Pauline is now able to devote much of her time to writing at the new home in Ledbury she shares with Tony and the ideas are coming thick and fast.
Straws in the Wind has now been published, by Blackie & Co, and although it is quite a dark book in its nature, Pauline does not think it is a reflection on her mood during the fight to clear her name.
``It is actually much darker than I realised when I was writing it,'' she said. ``The heroine (Rose) is a sculptor who turns to making scarecrows as an easy option after she is told all the time that she is not a very good sculptor. As she starts her new career she takes stock of her life and looks back at all her flawed relation- ships and tries to make sense of everything.
``Straws in the Wind does not really look at any issues from my life or what I have been through. For example, all my relationships grew stronger as a result of what happened.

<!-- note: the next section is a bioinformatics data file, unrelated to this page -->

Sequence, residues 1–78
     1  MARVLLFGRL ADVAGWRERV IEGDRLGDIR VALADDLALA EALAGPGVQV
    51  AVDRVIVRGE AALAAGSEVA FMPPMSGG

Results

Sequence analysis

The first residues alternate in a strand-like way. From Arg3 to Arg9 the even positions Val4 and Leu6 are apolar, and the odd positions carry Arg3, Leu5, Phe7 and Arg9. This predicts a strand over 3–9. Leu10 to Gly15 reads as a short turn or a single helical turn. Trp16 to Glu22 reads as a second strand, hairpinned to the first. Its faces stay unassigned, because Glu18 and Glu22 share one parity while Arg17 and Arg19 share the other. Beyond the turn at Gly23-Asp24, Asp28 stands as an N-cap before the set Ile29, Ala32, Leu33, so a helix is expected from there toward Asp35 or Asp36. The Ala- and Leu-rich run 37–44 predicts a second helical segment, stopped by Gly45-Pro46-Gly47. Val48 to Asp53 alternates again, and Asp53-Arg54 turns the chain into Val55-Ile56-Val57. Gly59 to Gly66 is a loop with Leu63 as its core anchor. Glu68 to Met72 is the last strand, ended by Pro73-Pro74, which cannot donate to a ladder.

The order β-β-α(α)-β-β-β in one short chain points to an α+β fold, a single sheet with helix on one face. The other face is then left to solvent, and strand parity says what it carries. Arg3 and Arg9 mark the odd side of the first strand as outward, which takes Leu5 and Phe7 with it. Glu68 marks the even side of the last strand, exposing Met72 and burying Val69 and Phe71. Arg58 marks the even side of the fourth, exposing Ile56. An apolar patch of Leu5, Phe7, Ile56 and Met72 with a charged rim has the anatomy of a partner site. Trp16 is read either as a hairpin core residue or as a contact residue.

``But my new book, Writer's Block, will be recalling some of my experiences over recent years. It is very loosely based on my experi- ences of suffering writer's block, but I could not go into too much detail because I still find what happened very difficult to accept.''
Pauline admits to feeling animosity towards the central figures in her libel action, saying: ``I was close to losing everything, so I still find it difficult.
``But my family and friends and especially Tony stayed so strong and without them I would not have been able to carry on.
``It is time to look forward and not dwell on the past, although I am limited to what I can say anyway because of the confidentiality clause that was part of the settlement.